Moving forward as a society and as a global community in a way that is going to ensure that the needs of the current generation are met without compromising the needs of our kids and grandkids is essential. Bill C-57, in its overarching purpose, when it was actually launched as a private member's bill some time ago by the Hon. John Godfrey, was to give some meaning to these aspirational values of sustainable development.

It is hard to achieve progress if we are not able to measure outcomes. What Bill C-57 seeks to do is make mandatory setting of targets and reporting on how far we have come in achieving those targets. What this actually leads to is regular reporting that is not just for internal use but made publicly available, so we can actually see how far we have come.

I have mentioned, in particular, that because of this reporting requirement, we know that we are on track to meet, for example, our marine conservation targets by 2020. However, we have a bit of work to do to meet our 2020 conservation targets when it comes to terrestrial land-based conservation and inland waters.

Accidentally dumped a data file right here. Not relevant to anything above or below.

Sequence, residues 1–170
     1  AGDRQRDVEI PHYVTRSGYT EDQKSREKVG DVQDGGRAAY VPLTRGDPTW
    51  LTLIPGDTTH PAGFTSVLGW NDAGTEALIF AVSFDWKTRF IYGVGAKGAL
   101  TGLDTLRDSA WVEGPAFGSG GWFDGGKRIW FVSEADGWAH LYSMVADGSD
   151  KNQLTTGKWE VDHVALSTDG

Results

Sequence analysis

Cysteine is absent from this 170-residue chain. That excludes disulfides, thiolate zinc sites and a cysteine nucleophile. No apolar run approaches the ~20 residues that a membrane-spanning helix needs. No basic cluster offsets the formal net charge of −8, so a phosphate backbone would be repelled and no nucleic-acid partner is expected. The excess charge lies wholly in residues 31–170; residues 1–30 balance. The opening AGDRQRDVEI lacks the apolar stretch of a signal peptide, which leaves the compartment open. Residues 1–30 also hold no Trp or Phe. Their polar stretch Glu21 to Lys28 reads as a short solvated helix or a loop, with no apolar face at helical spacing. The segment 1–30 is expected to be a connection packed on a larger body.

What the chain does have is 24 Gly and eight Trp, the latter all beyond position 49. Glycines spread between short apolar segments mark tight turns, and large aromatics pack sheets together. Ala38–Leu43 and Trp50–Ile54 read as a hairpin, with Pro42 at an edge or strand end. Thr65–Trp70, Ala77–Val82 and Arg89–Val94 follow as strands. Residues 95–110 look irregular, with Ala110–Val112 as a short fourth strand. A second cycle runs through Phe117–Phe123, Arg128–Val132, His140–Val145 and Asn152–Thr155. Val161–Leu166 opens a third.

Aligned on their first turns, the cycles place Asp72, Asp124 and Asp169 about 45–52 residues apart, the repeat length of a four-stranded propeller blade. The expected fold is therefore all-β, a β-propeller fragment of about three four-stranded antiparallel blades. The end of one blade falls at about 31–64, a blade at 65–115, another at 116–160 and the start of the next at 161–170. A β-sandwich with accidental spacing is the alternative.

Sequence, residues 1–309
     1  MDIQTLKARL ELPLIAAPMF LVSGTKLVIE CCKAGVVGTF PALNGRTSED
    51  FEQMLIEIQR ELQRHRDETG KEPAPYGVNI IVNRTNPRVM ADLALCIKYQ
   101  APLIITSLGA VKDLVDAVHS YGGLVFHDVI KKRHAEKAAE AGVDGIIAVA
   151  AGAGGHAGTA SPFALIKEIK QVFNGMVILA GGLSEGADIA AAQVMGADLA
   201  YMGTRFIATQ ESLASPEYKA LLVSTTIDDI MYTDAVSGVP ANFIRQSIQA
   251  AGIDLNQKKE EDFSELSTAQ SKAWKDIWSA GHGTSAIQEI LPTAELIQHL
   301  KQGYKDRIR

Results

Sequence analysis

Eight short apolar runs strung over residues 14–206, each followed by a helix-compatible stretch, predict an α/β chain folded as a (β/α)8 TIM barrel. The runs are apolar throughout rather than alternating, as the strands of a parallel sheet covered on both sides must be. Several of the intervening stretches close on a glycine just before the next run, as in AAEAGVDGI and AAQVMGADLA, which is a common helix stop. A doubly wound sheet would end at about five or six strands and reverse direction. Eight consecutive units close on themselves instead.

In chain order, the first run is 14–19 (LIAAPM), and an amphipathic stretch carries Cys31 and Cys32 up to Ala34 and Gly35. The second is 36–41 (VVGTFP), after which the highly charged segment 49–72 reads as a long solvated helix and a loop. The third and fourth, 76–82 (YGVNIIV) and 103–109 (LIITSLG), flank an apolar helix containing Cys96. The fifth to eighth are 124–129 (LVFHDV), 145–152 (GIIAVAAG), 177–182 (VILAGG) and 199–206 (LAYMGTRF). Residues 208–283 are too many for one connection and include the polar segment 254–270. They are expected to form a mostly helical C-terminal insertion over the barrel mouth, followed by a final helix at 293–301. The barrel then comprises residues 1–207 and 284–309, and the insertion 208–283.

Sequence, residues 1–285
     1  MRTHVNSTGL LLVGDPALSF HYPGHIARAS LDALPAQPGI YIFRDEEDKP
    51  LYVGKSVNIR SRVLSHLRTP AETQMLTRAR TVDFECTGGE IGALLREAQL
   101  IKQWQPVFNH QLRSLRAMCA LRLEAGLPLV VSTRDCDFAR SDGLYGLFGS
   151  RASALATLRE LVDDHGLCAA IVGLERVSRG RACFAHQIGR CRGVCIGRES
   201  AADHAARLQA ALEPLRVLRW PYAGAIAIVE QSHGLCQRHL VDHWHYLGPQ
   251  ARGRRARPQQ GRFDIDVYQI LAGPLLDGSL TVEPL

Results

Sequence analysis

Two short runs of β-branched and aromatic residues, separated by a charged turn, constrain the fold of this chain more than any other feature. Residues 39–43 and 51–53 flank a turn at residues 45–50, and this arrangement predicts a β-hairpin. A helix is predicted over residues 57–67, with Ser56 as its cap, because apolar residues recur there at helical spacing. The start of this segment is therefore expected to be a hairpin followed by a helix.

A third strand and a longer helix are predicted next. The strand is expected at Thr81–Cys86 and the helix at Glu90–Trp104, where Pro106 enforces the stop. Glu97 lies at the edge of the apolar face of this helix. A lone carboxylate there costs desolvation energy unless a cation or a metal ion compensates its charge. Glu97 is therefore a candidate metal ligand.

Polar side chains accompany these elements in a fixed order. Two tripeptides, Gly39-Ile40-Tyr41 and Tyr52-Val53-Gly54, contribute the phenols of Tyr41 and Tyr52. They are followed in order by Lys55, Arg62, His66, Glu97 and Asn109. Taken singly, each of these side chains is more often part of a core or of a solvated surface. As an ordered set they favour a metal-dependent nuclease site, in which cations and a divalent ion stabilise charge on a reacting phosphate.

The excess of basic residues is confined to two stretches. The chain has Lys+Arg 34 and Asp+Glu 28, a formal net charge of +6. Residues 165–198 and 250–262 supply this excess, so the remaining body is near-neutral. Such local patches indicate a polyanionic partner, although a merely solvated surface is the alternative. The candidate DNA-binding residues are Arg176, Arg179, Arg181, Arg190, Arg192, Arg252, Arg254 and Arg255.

This is the kind of thing that leads to tangible action. When we see that we have work to do, we know we have to do more to achieve those targets. This leads to decisions like, in budget 2018, seeing the largest single investment in nature and conservation with $1.35 billion set aside.

If we are able to track our progress and work towards measurable outcomes, we can shift policy midway to ensure that we are moving towards a more sustainable world.

Federal Sustainable Development ActGovernment Orders

December 6th, 2018 / 3:35 p.m.
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Conservative

Garnett Genuis Conservative Sherwood Park—Fort Saskatchewan, AB

Mr. Speaker, it is a pleasure to rise in this chamber to participate in the debate on Bill C-57, a bill dealing with sustainable development and the government's environmental policy.